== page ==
Washington's Little Garden
#OTD On this day in 1789, Washington was sworn in as the first president of the United States.
A gardening President, George Washington oversaw all aspects of the land at Mount Vernon.
Washington had a personal copy of Batty Langley's New Principles of Gardening. Inspired by the 18th-century author, Washington adopted a less formal, more naturalistic style for his gardens and he supervised a complete and total redesign of his Mount Vernon.
On Mount Vernon's website, they review in detail the four gardens that make up Washington's landscape: the upper (formal) garden, the lower (kitchen) garden, the botanical (personal or experimental) garden, and the fruit garden and nursery.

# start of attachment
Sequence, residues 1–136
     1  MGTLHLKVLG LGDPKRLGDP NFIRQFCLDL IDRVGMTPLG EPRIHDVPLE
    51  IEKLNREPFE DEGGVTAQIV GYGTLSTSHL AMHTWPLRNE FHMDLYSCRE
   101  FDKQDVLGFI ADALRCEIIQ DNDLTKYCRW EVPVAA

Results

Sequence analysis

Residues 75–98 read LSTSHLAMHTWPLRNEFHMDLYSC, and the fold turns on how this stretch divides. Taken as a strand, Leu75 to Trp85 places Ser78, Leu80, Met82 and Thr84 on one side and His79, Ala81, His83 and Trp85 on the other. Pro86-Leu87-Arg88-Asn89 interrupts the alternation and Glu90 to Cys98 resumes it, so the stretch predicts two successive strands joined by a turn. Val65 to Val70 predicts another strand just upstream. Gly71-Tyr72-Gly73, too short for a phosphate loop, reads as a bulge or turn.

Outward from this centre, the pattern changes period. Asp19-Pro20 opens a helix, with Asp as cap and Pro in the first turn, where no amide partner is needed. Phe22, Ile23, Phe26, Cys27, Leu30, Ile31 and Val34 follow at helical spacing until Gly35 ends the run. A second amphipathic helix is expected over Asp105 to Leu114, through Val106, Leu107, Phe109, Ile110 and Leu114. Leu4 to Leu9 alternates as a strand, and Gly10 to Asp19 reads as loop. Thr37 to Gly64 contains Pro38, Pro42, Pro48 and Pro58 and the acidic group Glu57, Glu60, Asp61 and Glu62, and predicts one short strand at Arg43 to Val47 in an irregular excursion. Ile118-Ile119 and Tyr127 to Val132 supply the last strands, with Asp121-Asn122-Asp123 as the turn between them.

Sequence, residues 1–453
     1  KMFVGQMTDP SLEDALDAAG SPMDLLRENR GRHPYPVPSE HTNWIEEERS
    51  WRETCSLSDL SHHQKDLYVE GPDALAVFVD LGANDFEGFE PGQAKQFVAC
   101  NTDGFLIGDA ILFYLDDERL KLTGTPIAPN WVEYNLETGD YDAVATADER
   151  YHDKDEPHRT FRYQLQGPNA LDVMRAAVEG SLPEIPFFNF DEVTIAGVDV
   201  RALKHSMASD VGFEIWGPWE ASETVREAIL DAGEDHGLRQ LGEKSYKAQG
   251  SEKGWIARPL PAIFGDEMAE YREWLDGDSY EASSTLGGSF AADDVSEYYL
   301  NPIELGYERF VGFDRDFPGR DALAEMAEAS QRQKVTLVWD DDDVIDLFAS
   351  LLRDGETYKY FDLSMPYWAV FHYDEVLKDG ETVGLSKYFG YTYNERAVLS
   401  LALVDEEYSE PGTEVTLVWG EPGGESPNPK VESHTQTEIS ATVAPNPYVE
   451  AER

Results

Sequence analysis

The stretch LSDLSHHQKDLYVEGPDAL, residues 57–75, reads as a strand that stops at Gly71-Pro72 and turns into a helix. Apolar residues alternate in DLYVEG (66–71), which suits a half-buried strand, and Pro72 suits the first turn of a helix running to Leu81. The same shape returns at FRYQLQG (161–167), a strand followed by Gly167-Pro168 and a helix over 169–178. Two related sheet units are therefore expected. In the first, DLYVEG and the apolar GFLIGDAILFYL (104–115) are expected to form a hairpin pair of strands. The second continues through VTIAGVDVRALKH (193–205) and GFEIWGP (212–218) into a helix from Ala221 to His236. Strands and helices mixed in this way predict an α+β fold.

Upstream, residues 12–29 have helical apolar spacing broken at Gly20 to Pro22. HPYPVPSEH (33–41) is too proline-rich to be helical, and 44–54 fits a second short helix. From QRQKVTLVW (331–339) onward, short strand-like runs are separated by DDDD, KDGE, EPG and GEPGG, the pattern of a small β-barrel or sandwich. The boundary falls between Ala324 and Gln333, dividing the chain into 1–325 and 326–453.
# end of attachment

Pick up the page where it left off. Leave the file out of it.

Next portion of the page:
When I was researching Mount Vernon, I was struck by Washington's intentions and methods.
He was naturally curious and wanted to see what plants would be able to survive in the harsh climate of Virginia.
Of his four gardens, Washington referred often to his favorite of the four gardens, the botanical garden, during his lifetime. He called it "the little garden by the salt house," or rather fondly, his "little garden."
Washington used the botanical garden as his trial garden; testing alfalfa and oats which, he happily surmised correctly, would increase the productivity of his fields.